At Wonkblog today, Christopher Ingraham has a nice, succinct discussion of congressional gerrymandering and its role in reducing Democratic representation in the House. Here’s the crucial point:
Gerrymandering is at least partly to blame for the lopsided Republican representation in the House. According to an analysis I did last year, the Democrats are under-represented by about 18 seats in the House, relative to their vote share in the 2012 election. The way Republicans pulled that off was to draw some really, really funky-looking Congressional districts.
Contrary to one popular misconception about the practice, the point of gerrymandering isn’t to draw yourself a collection of overwhelmingly safe seats. Rather, it’s to give your opponents a small number of safe seats, while drawing yourself a larger number of seats that are not quite as safe, but that you can expect to win comfortably.
Technically, what Ingraham is describing is state-of-the-art, smart political gerrymandering. Some strange, non-compact districts are drawn at the behest of courts (and until the Supreme Court gutted Section 5 of the Voting Rights Act, the Justice Department) to protect minority voting influence. And in the past, both parties have occasionally been guilty of over- or under-shooting ideal gerrymanders by focusing too much on protecting incumbents or creating too many competitive districts.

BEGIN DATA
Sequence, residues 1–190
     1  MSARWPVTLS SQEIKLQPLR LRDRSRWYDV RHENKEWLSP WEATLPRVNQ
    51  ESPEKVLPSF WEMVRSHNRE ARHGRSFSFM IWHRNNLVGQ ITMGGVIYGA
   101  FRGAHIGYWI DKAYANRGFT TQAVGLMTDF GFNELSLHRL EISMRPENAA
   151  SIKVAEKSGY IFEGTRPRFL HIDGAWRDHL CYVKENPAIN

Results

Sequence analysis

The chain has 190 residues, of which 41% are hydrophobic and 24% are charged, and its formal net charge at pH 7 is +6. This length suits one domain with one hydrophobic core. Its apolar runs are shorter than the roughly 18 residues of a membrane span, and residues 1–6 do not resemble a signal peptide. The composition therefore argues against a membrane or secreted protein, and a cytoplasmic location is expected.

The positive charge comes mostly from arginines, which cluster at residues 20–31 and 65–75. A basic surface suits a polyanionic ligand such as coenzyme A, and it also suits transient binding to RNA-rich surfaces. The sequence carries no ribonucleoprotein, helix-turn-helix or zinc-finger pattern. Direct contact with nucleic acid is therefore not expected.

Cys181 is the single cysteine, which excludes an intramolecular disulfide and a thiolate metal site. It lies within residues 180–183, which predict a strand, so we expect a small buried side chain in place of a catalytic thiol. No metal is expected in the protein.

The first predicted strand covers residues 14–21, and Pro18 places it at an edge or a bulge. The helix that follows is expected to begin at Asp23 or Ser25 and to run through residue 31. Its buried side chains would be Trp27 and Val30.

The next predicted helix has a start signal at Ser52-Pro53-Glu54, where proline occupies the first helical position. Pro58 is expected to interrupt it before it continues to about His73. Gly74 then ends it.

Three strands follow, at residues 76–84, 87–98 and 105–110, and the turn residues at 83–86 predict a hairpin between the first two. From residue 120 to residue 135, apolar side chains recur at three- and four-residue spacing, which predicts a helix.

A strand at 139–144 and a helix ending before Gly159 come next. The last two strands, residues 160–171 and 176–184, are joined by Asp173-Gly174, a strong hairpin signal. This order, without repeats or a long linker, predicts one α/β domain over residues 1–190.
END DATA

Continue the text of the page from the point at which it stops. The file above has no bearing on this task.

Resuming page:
But thanks to ever-more-sophisticated mapdrawing software and accumulated experience in demographic analysis of voting patterns, political gerrymandering is more than ever a science, and one that greatly benefits parties who control state legislatures and governorships. Right now that disproportionately means the GOP, largely thanks to its 2010 landslide.
While some people will read Ingraham’s piece and benefit from his analysis, I bet most will be attracted to his maps of the ten craziest-looking districts (eight drawn by Republicans). Thanks to our primitive version of Movable Type, I won’t reduplicate them here, but you can get a sense of the weirdness from the names some have been given, like Maryland’s “Preying Mantis” and Texas’ “Upside-Down Elephant,” and my favorite, Pennsylvania’s “Goofy Kicking Donald Duck.” You may recall that the very term “Gerrymander” came from a cartoonist’s depiction in 1812 of a salamander-shaped Massachusetts district set up under the stewardship of Democratic-Republican Gov. Elbridge Gerry to screw over the Federalist Party. That beast has nothing on today’s districts.